Oy Vey! Look Who Brought Capers to Philly

South Philly is well known for its Italian food. But turns out Italians may not have been the first to bring the Mediterranean diet to the city.
09/15/2014 11:25 am ET Updated Dec 06, 2017

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South Philly is well known for its Italian food. But turns out Italians may not have been the first to bring the Mediterranean diet to the city. AFR contributor Amanda Moniz tells all.

When I was in graduate school researching newspapers from the 1780s and '90s, I was surprised to find Philadelphia merchants advertising olive oil, capers and anchovies. Who ate these foods, I wondered, and what did they make with them? These and other Mediterranean foods, I learned, were Jewish contributions to American cuisine.

The earliest Jews in North America had Iberian roots - their ancestors had either been expelled from Iberia (Spain or Portugal) or had formally converted to Christianity and practiced Judaism secretly. Jewish cuisine in Britain and its North American colonies reflected this Iberian heritage and was familiar enough that one of the leading 18th-century British cookbooks includes several recipes for dishes "Jews way.'"

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Hannah Glasse's The Art of Cookery Made Plain and Easy, first published in England in 1747, was the most popular cookbook in both 18th-century Britain and America. George Washington and Thomas Jefferson owned copies, and Benjamin Franklin liked the book's recipes enough to translate some into French, perhaps to make sure that while he was on his diplomatic trips to Paris in the 1760s and '70s, someone would know how to cook properly.

Glasse's extensive cookbook includes recipes for roasting pig, lamb, geese, rabbits, tongue, udder and more. She offers sauces for turkey, ducks, larks and venison. She tells readers how to "dress" cauliflower, French beans, artichokes and "brockala." And those are just a very few recipes from the first page and a half of an 18-page table of contents. There are recipes for regional English specialties, such as Devonshire squab pie and for foreign dishes such as "beans the German way" and "haddocks the Spanish way."

The Art of Cookery also recognized a distinct Jewish culinary influence. The 1760 edition includes six recipes for dishes prepared in a Jewish style: "haddocks the Jews way," "The Jews way of preserving salmon, and all sorts of fish," "marmalade of eggs the Jews way," "To stew green peas the Jews way," "English Jews puddings; an excellent dish for six or seven people, for the expense of six pence" and "The Jews way to pickle beef, which will go good to the West Indies, and keep a year good in the pickle, and with care will go to the East Indies."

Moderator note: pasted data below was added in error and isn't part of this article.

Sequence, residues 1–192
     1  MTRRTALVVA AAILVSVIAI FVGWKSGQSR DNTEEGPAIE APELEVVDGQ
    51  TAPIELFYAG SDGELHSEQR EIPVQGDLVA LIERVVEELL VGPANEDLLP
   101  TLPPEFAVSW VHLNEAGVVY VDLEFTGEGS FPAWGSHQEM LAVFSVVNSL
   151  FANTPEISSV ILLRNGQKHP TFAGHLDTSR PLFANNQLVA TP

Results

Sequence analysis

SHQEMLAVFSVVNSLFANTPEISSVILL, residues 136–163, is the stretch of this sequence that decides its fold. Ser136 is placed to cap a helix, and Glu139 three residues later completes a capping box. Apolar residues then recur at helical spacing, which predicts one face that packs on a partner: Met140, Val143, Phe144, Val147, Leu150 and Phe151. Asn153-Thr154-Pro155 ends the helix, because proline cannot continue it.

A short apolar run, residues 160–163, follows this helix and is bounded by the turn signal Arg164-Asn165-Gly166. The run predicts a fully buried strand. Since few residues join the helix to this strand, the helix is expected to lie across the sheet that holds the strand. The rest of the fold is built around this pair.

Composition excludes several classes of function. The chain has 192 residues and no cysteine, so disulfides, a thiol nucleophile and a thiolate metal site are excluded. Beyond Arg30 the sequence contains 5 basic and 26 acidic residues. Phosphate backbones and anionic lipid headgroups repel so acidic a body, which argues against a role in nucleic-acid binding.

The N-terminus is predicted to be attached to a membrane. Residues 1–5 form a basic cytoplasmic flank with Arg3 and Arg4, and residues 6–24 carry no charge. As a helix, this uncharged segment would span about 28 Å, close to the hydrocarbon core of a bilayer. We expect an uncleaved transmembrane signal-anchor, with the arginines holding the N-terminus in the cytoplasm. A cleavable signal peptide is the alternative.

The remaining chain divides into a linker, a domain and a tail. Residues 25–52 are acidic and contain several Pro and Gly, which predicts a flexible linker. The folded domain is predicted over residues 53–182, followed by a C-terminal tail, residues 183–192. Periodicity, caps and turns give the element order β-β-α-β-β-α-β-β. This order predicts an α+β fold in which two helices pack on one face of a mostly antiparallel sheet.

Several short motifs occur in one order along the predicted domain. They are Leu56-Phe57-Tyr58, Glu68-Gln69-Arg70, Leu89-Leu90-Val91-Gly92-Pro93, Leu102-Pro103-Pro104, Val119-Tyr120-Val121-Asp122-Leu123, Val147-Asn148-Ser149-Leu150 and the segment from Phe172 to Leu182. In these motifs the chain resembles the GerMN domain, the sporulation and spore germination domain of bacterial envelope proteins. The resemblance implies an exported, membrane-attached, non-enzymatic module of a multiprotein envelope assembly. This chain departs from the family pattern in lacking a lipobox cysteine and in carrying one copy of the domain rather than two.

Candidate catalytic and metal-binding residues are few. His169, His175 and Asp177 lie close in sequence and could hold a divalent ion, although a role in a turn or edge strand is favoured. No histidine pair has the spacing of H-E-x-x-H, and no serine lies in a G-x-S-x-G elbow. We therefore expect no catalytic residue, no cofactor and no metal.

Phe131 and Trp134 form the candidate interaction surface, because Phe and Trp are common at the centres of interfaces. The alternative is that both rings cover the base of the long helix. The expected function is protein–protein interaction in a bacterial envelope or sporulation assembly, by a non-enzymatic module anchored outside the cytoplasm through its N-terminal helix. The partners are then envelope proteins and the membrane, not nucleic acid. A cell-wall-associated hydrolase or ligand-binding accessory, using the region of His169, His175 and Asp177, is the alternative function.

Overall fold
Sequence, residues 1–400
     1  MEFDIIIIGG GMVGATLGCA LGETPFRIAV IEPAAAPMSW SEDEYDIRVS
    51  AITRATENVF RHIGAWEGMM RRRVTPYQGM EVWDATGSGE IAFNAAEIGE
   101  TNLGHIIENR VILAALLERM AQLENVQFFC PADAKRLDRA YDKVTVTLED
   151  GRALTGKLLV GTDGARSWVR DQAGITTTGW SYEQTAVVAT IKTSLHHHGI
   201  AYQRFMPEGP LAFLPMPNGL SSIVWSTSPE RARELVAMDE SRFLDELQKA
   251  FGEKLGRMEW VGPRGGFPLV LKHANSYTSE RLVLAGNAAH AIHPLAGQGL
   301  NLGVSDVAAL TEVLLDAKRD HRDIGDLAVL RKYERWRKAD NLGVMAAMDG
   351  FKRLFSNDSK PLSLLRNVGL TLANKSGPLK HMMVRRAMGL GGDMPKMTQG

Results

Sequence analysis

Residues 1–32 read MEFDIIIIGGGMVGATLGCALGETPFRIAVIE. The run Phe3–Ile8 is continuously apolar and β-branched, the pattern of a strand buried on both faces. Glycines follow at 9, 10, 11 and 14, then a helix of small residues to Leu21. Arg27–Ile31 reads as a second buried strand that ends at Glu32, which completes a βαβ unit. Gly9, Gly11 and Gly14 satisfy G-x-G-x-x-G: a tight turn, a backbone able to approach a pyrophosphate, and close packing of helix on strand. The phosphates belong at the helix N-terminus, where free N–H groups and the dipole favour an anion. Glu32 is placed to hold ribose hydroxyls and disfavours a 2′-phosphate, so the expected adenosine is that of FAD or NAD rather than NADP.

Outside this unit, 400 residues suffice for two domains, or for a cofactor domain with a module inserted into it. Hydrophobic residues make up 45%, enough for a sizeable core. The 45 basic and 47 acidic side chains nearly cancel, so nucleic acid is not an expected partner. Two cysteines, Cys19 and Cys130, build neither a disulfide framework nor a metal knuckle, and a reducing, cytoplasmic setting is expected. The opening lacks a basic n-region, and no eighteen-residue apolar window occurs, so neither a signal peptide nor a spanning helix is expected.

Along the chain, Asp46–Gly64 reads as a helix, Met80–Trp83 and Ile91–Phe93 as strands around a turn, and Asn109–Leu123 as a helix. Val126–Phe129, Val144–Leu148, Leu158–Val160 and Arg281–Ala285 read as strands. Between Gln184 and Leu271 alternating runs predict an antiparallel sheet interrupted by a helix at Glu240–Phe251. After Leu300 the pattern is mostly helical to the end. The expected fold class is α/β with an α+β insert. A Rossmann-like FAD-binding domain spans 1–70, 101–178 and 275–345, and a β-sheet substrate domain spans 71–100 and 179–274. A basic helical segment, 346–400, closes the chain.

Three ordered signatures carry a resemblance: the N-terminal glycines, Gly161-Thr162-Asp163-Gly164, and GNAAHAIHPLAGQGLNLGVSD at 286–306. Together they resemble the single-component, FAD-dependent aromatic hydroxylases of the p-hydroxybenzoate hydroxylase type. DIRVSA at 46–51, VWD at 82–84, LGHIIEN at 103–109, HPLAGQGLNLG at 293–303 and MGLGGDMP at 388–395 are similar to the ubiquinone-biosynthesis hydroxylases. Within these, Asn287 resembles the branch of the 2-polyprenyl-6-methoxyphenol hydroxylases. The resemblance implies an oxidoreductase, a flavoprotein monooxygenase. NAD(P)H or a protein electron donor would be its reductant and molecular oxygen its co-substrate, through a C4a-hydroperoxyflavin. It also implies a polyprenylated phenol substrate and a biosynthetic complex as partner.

Although some of these dishes share much with Spanish cuisine - which was much influenced by Arab culinary traditions - Glasse distinguished between Spanish and Jewish dishes. Her Spanish-style haddock recipes calls for the fish to be broiled, then seasoned with mace, cloves, nutmeg, garlic and tomatoes, and then stewed. The Jewish-style haddock is seasoned with mace, no cloves or nutmeg, and calls for onion, not garlic. The fish is poached lightly and then finished with an egg-lemon sauce. The recipes differ, but the distinction between Spanish and Jewish cuisines also reflects the era's common view that Jews were a distinct nation.

The Art of Cookery's recipes for "English Jews pudding" and for Jewish-style pickled beef offer contrasting perceptions of Jewish life. The pudding, made with offal seasoned with onion, spices, lemon zest and parsley, is an economy dish. Although Glasse comments that it "is a very good dish," she implies that those with a choice might pick other food when she notes this dish is "a fine thing for poor people."

If the pudding recipe suggests Jews knew want, the pickled beef highlights a view of Jews as a trading people. Indeed, Jews - like other marginal people, such as Quakers and Scots, in the British world - were able to use their communal ties around the Atlantic to build trading networks. The late 1600s to mid-1700s saw marked hostility to Anglo-American Jewish merchants, who English merchants saw as competitors.

Glasse's recipe for pickled beef does not reveal any animosity to Jews as traders. On the contrary, it suggests Jews had useful knowledge others might benefit from. It would be going too far to say that "pickled beef the Jews way" tells a story of British acceptance of Jews, but The Art of Cookery does reveal that Jewish cuisine was more widely familiar than I, for one, would have guessed.

-- Amanda Moniz